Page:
Coming out the closet can be a very difficult process.
Although homosexuality has become more acceptable many LGBT individuals still struggle with their sexuality. Anxiety and fear of rejection are some of the reasons why an individual may not reveal their sexuality. These feelings of isolation can lead to declining health, depression, or even suicide. According to the Trevor Project, an organization that provides crisis prevention and suicide prevention to LGBT persons, LGBT youth who’s been rejected by their families are 8.4 times more likely to attempt suicide than their LGBT peers who’s been accepted by their families.
I myself dealt with struggles of my sexuality. t took me a long time to actually understand and apply that way of thinking I would flirt with females, take extra precautions to not be seen in any gay establishments, and put myself in compromising situations to keep the perception that I was straight. I tried to trick myself that I was living a happy and fulfilled life but I really wasn’t.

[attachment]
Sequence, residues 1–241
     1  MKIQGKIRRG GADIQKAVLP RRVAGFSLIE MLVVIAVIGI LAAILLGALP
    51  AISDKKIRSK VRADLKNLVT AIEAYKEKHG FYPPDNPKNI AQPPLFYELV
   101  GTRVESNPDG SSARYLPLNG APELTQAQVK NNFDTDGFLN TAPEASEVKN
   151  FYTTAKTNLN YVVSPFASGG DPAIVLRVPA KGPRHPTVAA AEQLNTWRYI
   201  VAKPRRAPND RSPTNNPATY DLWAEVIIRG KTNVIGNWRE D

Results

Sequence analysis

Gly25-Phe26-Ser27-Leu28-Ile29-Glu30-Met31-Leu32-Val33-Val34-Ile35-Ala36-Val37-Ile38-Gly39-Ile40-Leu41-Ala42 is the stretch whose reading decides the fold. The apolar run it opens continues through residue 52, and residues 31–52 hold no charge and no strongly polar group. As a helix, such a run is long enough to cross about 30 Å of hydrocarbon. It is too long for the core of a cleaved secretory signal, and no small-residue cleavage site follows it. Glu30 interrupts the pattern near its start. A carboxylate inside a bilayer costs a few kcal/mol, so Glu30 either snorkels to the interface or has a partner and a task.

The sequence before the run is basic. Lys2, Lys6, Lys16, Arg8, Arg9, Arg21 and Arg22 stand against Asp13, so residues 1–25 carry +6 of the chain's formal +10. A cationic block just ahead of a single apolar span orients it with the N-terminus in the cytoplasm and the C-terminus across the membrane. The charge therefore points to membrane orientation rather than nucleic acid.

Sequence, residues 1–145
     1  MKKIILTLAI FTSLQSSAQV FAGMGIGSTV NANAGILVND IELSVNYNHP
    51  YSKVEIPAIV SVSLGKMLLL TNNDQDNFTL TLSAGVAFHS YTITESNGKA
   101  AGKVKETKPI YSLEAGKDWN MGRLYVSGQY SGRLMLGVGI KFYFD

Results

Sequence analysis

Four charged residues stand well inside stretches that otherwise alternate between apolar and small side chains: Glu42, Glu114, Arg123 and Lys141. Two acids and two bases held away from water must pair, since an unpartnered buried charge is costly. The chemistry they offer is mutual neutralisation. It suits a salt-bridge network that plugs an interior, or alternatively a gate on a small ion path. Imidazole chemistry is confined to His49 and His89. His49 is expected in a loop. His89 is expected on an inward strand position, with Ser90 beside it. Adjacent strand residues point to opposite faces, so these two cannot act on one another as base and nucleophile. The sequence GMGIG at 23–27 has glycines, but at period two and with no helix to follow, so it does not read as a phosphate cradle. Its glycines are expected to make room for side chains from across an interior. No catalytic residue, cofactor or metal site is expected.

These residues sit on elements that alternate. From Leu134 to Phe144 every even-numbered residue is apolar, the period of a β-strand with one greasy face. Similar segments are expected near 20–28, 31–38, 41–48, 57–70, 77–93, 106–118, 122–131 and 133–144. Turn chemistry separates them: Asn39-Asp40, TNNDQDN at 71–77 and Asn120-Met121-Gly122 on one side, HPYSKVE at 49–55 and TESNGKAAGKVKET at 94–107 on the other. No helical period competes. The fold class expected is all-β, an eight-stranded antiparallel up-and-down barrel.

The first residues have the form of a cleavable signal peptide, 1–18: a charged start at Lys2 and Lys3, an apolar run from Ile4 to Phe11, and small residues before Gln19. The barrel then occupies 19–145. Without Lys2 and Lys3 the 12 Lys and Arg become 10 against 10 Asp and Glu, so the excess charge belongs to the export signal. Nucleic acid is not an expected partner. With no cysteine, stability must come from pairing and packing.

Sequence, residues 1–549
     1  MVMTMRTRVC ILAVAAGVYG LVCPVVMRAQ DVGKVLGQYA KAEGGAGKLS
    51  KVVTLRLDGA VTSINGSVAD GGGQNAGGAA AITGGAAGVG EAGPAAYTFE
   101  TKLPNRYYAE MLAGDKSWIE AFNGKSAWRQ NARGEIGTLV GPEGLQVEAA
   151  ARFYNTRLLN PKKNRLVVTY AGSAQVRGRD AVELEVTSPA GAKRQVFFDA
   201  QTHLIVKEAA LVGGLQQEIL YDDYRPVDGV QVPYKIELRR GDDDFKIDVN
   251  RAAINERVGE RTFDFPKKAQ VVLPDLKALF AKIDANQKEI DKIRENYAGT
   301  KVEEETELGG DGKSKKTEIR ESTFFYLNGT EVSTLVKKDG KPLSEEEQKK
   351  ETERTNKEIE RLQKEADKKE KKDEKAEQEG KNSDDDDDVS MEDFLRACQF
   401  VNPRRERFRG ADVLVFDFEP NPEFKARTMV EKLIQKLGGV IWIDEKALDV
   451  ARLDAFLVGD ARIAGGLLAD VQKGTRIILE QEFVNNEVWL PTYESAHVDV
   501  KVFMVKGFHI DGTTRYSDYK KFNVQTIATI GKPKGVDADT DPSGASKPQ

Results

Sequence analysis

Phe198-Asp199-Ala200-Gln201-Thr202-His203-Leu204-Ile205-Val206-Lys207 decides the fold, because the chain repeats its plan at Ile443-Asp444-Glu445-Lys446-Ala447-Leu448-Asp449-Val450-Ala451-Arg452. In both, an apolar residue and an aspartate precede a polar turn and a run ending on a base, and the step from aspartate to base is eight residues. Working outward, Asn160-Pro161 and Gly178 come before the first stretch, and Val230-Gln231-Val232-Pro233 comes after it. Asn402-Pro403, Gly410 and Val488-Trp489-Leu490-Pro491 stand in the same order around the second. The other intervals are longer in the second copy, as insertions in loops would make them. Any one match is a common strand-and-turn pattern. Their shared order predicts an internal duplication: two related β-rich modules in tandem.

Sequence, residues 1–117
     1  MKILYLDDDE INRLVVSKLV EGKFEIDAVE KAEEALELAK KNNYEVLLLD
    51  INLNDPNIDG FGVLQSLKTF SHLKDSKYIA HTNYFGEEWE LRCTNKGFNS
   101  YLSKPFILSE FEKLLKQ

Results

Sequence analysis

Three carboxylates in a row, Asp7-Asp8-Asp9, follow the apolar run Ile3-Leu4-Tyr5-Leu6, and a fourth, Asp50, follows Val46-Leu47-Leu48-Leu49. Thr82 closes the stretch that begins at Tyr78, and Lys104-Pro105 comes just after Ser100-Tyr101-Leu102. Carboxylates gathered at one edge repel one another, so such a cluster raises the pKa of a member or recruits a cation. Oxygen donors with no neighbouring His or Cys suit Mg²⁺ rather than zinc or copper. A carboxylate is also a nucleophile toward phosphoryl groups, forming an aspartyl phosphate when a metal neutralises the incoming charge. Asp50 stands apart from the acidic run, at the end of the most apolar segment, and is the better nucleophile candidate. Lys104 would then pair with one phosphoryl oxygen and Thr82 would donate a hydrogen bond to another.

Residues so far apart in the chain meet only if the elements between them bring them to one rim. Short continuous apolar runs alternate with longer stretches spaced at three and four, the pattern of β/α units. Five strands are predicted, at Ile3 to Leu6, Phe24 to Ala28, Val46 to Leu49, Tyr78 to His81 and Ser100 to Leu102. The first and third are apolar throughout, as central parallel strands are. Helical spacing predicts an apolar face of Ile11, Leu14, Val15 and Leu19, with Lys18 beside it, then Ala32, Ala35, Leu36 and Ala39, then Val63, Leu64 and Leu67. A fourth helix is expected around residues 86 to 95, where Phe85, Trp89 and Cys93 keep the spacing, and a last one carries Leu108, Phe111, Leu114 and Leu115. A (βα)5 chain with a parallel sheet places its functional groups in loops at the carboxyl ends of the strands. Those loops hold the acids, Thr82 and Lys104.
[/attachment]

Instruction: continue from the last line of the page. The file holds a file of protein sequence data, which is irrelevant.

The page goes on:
It took me 25 years to come out the closet and start living authentically. Since that time I’ve experienced more happiness in my life. I thank God for the family members and friends who’ve been by my side and encouraged me to live my life freely and truthfully. I still go through my down moments and bouts of sadness but overall I’ve experienced more joy in my life.
National Coming Out Day (NOCD) has helped many LGBT persons like myself through the coming out process. NCOD, celebrated on October 11th, is an annual LGBT awareness day. Robert Eichsberg, co-founder of NOCD, said in an interview, “It is imperative that we come out and let people know who we are and disabuse them of their fears and stereotypes.”
Men Who Brunch hosted a brunch titled, “Confessions”, on Sunday, October 15th from 12pm-5pm at Amarachi Restaurant in Brooklyn, NY to end National Coming Out Week.
Rob Smith, Iraq War veteran/author, shared a few words at the brunch and spoke on his experiences as a gay man in the army. He recently came out with his book, “Confessions of a Don’t Ask, Don’t Tell Soldier: How a Black, Gay Man Survived the Infantry, Coming Out, and the War in Iraq”